Tag Archives: fantasy maps

News About Lita Burke

Writer Tips for Tweeps: Check Out #LitaLikes

If the tiny twitter writer tips were magical lights, they would look like this.

Tiny twitter writer tips surround Lita like magical lights

For all the Gentle Readers who are on Twitter, Lita Burke has started a hash tag with indie writer wisdom just for you. But do read on, even if you’re not on Twitter–I’m talking about writing tips today.

About #LitaLikes

Here in December, Lita started a series of every-other-day tweets using the hash tag #LitaLikes. These are “tiny twitter tweets” (assonance rhyme intended–apologies–couldn’t help it today) with Lita’s quick tips, advice, and peccadilloes about writing.

Lita will post these hard-learned nuggets of wisdom until I have disclosed all, or an angry mob of orcs chases me away from the computer. The advice bits will be tips about editing your own fiction, the mechanics of eBook formatting, and Lita’s preferences about fantasy worlds and their story-people.

If Gentle Reader likes these, but you aren’t on Twitter, see the most recent #LitaLikes in the Twitter feed on the homepage sidebar of this blog. If you are on Twitter, here is Lita’s Twitter Page.  Feel free to Follow. If you aren’t on Twitter, and want to catch of Lita’s tweets from the source, here is the Twitter Home and instructions on how to become a Tweep–won’t cost you a cent to join. Gentle Reader can also catch my Twitter feed on Lita’s Facebook Page.

Take a Look at #LitaLikes

I suggest all writers print out their stories and read them off of paper for self-editing. Looking at your words on a different medium gives your eyes a fresh perspective.

How I go on about too many adjectives and adverbs spoiling a perfectly good story. Catch Lita’s rants about these fiction no-nos in earlier posts for Killing Me Softly with Adverbs, and That’s No Moon. It’s Excessive Adjectives.

As writers self-proofing our fiction, our eyes skip over typos and grammar flubs because somehow we just don’t see them. Word can speak the text out loud. Lita catches her literary badness using this technique. It is now my last self-editing step before beta readers.

I’ve gushed over my love of fantasy maps before in 6 Critical Elements for Fantasy World Building.

Remember, Lita posts to Twitter several times a day. Be sure to follow the latest about Lita’s fantasy worlds, get the scoop on the latest status for Lita’s stories, and keep the angry orcs away from my door.

How the Airship Works

Kadmeion dribbled his coffee on the map. Sorry about the stains.

Welcome to the topside Map Room in Wizard Kadmeion’s airship. It adjoins the Pilot House.

Plate Geography

The magical world of Clockpunk Wizard  in Forever Boy is a spinning plate with a large mountainous land mass at the spindle called the South Pole. The rest of the platter is a vast ocean dotted with small sandy cays.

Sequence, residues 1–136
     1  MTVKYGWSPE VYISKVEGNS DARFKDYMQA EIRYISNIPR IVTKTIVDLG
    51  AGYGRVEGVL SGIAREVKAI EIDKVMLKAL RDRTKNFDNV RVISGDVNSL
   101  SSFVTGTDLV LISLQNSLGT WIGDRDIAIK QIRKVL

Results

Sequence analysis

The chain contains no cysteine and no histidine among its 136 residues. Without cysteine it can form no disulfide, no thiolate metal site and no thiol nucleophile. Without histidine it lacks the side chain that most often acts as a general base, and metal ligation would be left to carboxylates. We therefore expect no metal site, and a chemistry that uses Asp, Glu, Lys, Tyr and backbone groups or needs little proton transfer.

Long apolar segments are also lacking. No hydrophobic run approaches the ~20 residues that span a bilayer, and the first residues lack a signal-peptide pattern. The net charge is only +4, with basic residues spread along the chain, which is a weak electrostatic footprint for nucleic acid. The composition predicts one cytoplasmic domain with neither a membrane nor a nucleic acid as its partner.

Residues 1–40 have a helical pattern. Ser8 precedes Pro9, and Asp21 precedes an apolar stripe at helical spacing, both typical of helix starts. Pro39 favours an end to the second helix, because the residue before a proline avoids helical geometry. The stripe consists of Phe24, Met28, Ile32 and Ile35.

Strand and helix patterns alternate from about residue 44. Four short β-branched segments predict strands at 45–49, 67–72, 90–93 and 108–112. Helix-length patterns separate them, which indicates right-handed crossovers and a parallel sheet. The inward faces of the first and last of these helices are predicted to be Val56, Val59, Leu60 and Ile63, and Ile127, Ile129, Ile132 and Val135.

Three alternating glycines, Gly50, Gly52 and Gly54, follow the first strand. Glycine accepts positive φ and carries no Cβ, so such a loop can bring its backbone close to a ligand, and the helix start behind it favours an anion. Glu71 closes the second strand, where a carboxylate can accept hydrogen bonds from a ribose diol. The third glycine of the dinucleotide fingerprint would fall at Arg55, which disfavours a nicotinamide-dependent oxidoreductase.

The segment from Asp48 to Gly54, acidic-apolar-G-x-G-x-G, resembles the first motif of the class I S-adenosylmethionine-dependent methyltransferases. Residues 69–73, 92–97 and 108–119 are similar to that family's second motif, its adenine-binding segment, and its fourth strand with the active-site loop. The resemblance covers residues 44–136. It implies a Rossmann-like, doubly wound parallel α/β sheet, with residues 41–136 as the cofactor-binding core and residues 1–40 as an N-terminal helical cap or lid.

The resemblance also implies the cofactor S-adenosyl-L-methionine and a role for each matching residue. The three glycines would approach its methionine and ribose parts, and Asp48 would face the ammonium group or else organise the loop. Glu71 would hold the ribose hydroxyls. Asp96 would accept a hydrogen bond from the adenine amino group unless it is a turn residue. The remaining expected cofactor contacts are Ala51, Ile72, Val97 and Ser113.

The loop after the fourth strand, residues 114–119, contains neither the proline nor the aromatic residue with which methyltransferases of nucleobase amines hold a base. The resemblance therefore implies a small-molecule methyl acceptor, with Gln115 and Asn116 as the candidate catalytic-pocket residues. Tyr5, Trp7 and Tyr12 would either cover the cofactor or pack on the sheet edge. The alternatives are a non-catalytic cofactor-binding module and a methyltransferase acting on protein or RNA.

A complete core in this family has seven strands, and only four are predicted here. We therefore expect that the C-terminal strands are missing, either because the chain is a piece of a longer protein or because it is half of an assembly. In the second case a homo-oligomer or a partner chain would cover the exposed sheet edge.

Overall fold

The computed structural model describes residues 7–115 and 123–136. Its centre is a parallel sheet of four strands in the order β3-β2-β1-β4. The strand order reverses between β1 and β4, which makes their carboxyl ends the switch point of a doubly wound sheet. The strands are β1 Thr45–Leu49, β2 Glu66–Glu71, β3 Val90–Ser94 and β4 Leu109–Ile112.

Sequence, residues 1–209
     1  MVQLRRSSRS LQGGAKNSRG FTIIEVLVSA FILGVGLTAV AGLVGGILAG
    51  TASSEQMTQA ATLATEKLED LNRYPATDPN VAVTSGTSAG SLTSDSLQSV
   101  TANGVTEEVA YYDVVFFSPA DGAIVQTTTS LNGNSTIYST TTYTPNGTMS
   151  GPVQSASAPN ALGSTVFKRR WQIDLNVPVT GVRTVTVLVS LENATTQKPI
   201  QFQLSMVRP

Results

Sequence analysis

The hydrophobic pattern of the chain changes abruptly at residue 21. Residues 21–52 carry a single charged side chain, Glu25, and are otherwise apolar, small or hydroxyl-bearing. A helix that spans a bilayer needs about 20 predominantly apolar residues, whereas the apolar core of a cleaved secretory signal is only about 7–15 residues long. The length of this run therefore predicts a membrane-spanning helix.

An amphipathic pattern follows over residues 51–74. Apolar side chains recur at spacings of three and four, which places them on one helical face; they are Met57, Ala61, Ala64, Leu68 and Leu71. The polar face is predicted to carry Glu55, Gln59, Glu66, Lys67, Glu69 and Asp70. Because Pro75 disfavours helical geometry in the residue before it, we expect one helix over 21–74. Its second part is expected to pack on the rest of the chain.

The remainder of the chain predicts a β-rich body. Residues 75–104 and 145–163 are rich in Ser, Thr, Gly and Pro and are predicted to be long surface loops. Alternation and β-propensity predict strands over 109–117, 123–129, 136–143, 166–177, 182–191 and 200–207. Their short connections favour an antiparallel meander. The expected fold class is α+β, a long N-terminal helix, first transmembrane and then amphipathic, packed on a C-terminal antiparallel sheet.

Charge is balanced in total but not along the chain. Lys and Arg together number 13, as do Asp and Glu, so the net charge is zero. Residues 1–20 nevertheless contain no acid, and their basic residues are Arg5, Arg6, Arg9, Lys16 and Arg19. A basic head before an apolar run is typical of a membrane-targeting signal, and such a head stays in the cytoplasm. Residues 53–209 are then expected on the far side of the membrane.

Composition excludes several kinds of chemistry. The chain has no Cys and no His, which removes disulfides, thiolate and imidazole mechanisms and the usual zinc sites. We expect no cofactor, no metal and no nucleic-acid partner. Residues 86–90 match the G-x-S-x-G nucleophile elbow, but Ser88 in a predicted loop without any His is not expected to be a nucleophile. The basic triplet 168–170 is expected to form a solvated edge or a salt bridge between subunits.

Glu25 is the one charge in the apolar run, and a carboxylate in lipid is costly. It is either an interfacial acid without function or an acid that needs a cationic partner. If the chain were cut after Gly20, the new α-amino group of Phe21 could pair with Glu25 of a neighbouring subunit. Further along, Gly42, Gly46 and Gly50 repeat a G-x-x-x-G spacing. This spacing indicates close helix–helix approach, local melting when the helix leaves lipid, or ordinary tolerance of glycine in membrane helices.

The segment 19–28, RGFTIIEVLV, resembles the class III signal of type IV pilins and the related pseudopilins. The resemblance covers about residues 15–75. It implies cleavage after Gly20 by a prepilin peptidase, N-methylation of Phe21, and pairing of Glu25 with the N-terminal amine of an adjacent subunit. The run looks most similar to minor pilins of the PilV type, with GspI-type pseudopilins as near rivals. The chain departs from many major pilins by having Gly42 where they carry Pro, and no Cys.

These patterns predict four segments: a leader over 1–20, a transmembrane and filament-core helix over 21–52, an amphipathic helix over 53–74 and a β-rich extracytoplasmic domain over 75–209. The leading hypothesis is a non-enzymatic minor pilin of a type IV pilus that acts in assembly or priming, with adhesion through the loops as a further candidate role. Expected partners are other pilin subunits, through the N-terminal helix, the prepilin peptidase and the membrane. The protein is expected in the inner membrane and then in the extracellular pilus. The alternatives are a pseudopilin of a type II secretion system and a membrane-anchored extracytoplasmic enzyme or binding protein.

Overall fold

The strong magical field at the South Pole causes a certain volcanic rock to float. These rocks break away from the primary landmass and drift toward the Rim. These hundreds of floating islands are the habitable archipelago for the magicians and other inhabitants of the Clockpunk Wizard world.

The weather is calm near the South Pole. Storms are common toward the outer edge of the plate. At the Rim boundary, violent winds destroy everything. All the floating islands eventually drift to the Rim and disappear. Smaller islands move more quickly to their death. The largest floating islands can last for a century or longer.

Magical creatures flourish on the floating islands. Many island residents have need of a wizard’s skilled services. This is the basis of Kadmeion and Bright’s roving magician-for-hire business.

An “Ornithopter” personal flying machine by Da Vinci

Concerning Airships and Leonardo

The people and magical creatures of the Clockpunk Wizard  world lived only on the South Pole landmass until they mastered how to mine floating rock. They line the hulls of their airships with the buoyant rock, and use sails to maneuver the airships between floating islands. Clockworks are an integral part of airship operation. We’ll look at the metalwork a little later in one of the below decks Gear Rooms.

Recently, the brilliant inventor Da Vinci perfected a series of flying apparatuses that revolutionized personal mobility. His establishment, called Leonardo’s Airborne Contraptions, is doing a brisk business from his workshop at the South Pole. His clever designs appear everywhere on Kadmeion’s new airship.

On to the Pilot House now to meet the homunculi.